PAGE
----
NORWAY  |  Oslo, Norway Travel Guide
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Museums of Oslo

Edvard Munch's The Scream (1893) at the National Museum of Art in Oslo, Norway
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Museums of Oslo

Oslo is the cultural center of Norway. It should therefore come as no surprise that the city has a disproportionately large number of superb museums, most of them within easy distance of the city center. Some of the most famous ones are located in Bygdøy, the peninsula just west of downtown Oslo and easily accessible from the city center, where you can spend an entire day just museum hopping. Oslo's museums are also surprisingly inexpensive; in fact, with the Oslo Pass - available from the city's tourist bureaus - most of the museums offer free admission. Here, then, are some the top, do-not-miss museums of Oslo.

Norsk Folkemuseum

The Norsk Folkemuseum, situated on Bygdøy, adjacent to some of the other famous museums of Oslo, is an open-air museum and easily the best in its genre. Museum exhibits are centered primarily around Norwegian culture and traditions. The stave church here was bought by the union king, Oskar II, in 1885 and transported from its original place in Hallingsdal. Much of the foundation is from the Middle Ages, while the roof has been renovated to make it look like Borgund Stave Church, one of the most famous in Norway. As is the case with most open-air museums, this one, too, is well suited to children. Still, there are several exhibits and events here to interest all age groups.

Oseberg Viking Ship Museum

The Oseberg Viking Ship Museum is another attraction at the museum-rich Bygdøy. The Viking ship is one of the main reasons for our fascination with these seafarers from the past and Oseberg has the three best-preserved ships in the world. The ships were found about 100 years ago in Oseberg in the county of Vestfold, not far from Oslo, where the blue clay soil had preserved them amazingly well for about 1,100 years. The museum also has some of the best evidence we have today of fabric and weaving techniques from the Viking Age, found in and around the boats, along with many tools and weapons.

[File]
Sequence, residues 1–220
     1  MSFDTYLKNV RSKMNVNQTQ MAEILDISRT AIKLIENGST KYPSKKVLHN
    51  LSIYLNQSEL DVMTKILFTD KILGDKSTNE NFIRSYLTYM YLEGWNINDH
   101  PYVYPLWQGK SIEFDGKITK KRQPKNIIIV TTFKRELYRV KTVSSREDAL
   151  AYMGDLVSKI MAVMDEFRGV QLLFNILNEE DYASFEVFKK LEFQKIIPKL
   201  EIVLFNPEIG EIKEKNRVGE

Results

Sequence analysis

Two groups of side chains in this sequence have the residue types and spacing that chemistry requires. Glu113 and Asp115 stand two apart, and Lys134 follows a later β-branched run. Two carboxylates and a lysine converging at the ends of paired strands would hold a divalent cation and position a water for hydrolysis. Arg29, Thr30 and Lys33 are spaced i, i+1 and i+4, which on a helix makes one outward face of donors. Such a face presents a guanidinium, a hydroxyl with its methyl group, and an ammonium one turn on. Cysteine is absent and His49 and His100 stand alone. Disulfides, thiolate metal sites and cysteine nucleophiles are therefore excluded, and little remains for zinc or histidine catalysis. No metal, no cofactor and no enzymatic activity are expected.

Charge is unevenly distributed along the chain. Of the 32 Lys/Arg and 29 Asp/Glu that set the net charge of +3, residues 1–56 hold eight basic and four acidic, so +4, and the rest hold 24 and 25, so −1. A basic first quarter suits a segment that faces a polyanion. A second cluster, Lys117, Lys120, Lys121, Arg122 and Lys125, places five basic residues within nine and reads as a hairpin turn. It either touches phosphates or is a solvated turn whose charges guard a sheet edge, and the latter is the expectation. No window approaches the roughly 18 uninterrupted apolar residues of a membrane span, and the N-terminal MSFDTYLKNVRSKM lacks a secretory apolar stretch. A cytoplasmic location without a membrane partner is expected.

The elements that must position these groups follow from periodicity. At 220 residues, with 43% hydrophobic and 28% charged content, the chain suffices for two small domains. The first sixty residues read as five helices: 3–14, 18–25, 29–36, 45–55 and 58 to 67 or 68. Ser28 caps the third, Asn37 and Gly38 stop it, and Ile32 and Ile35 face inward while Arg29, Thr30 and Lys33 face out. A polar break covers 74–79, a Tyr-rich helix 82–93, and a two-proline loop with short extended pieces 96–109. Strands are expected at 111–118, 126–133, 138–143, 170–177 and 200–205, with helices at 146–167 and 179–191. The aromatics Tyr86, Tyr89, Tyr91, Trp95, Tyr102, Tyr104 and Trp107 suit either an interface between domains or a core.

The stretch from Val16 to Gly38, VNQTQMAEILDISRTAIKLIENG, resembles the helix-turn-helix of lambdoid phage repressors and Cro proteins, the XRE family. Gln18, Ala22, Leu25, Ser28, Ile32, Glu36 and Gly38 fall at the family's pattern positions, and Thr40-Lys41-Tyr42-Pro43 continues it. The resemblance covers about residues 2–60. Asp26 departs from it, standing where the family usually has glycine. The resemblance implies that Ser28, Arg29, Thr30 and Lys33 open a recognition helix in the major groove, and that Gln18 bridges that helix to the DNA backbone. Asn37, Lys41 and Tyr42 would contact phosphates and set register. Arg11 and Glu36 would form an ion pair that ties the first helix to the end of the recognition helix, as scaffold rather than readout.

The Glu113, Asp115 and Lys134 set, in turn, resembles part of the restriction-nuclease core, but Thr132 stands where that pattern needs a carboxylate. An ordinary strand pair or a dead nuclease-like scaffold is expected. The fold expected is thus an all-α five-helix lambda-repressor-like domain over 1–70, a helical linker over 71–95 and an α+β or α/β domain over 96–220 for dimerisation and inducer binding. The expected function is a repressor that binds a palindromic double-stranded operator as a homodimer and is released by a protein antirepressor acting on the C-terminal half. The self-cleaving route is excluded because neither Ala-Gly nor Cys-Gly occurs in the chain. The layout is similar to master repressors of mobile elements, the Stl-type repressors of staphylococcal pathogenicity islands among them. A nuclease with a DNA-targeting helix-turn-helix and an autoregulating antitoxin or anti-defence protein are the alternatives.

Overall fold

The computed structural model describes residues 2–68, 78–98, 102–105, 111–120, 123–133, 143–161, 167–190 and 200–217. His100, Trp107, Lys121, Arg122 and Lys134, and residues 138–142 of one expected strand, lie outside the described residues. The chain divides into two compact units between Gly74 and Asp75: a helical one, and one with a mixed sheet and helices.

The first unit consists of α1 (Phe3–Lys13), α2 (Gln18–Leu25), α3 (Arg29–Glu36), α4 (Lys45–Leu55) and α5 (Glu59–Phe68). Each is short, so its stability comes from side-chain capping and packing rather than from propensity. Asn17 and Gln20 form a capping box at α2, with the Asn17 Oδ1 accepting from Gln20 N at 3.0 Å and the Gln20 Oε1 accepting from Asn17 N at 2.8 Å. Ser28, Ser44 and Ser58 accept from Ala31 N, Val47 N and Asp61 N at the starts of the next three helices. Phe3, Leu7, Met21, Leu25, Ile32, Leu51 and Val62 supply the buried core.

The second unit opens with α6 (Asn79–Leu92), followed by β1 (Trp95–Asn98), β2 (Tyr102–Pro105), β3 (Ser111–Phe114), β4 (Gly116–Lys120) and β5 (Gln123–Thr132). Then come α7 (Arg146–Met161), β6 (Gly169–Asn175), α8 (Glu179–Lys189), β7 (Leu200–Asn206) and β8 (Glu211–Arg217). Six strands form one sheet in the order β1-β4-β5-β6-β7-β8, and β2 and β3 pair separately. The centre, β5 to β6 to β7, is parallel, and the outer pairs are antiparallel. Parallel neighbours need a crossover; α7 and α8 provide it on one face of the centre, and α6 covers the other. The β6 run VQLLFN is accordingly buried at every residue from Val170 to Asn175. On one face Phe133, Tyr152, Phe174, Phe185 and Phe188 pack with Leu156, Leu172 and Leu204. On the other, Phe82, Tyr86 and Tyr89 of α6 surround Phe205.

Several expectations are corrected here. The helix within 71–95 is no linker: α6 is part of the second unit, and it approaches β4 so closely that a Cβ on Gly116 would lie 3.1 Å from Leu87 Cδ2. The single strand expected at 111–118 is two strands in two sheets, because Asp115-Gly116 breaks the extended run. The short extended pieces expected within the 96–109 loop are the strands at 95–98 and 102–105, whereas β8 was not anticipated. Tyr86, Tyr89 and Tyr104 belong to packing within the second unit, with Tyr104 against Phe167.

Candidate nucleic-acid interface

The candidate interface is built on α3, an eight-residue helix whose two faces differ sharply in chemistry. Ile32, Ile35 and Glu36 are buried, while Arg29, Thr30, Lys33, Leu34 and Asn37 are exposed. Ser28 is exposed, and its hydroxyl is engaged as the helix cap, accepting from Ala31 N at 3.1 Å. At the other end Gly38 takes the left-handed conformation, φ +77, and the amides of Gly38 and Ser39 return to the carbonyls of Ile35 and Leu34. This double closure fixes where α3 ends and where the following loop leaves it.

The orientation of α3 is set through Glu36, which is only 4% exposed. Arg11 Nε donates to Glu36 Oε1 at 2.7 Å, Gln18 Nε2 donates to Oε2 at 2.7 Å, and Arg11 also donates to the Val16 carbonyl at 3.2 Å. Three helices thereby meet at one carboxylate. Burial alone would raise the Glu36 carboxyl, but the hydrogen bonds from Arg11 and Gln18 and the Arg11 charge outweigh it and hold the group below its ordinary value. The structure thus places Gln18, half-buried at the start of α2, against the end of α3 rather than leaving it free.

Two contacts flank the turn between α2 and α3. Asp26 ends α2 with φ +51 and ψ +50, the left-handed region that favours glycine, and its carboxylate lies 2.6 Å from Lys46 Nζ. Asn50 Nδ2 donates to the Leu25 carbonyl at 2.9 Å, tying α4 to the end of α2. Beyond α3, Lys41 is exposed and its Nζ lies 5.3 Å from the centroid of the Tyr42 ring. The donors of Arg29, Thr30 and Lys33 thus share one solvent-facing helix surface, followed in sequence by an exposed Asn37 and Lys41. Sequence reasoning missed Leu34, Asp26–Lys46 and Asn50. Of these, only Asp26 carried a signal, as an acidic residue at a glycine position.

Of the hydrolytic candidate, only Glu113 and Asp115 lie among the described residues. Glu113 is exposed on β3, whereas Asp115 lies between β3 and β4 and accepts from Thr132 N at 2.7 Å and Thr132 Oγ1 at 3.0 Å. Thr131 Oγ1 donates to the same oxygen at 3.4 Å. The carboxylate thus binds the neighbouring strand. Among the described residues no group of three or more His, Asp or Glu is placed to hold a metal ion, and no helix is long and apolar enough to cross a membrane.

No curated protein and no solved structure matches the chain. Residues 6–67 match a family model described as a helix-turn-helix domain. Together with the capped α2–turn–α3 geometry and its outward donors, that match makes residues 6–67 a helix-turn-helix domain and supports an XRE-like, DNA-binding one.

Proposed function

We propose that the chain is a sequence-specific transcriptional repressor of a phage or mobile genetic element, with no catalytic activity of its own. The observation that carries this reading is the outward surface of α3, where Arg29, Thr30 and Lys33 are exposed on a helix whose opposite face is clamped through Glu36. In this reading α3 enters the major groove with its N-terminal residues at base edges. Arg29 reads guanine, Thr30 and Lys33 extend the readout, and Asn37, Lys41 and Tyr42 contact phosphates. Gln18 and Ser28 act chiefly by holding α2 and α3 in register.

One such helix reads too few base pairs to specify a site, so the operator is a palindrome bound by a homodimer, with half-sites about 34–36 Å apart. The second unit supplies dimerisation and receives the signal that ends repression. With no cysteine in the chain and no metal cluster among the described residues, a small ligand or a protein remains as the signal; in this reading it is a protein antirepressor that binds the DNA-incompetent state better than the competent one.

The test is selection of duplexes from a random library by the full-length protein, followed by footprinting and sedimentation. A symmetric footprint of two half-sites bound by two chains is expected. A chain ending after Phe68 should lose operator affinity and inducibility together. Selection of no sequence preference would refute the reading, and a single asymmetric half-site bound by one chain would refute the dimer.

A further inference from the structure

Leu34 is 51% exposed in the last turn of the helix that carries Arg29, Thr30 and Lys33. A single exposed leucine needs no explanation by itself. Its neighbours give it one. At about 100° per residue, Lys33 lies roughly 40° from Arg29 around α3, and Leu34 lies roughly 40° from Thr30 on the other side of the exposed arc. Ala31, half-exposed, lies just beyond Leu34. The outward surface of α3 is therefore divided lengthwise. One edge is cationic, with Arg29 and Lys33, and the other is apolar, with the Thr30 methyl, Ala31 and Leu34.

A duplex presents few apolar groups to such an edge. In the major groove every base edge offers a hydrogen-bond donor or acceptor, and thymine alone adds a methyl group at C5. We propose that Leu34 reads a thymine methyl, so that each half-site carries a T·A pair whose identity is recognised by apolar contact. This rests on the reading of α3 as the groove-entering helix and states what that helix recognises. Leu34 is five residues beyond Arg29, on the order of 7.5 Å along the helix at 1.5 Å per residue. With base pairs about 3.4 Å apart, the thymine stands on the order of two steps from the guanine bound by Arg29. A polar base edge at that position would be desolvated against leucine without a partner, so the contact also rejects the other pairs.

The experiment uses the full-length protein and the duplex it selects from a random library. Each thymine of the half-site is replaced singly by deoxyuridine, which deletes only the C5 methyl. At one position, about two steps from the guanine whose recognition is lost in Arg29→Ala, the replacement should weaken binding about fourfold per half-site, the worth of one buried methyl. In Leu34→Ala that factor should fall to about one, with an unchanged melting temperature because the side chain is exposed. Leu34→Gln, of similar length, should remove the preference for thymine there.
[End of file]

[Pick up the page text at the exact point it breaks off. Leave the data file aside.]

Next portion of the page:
National Museum of Art

Oslo's National Museum of Art is particularly worth visiting. It is located adjacent to the university, only a couple of blocks from Karl Johan. The museum contains an astonishingly extensive collection of both Norwegian and international art, including the Munch masterpiece, The Scream, which was briefly stolen from the museum a few years ago.

Munch Museum

The Munch Museum is dedicated entirely to the works of Edvard Munch, the most famous Norwegian artist in history. In fact, Much is considered one of the pioneers in Expressionism. His Skrik (The Scream) is one of the most recognized paintings in the world. The Munch Museum is approximately a 10-minute walk from Karl Johan, and hugely rewarding, for it houses thousands of Munch’s paintings, donated to the city in accordance with his last will.

Henie-Onstad Museum

The Henie-Onstad Museum is Oslo’s museum of contemporary art and is in Høvikodden, a 15-minute bus ride west of the city, in a tranquil environment on the Oslofjord. The paintings were donated by the former Olympic ice-skating champion Sonja Henie and her husband Niels Onstad, a famous Norwegian ship owner. During years of traveling the world, the couple amassed a collection of several hundred works of art, which they eventually offered for the public's enjoyment. The museum, which opened in 1968, contains works of art by such masters as Picasso, Matisse and several others. There’s also a separate room with all the medals and trophies from Sonja Henie’s career, over 600 in total. Another reason to visit this museum is to revel in the beautiful surroundings, including the big sculpture park just outside. Which is why Henie-Onstad is best visited during the summer months.  

Last updated December 14, 2013
Posted in   Norway  |  Oslo
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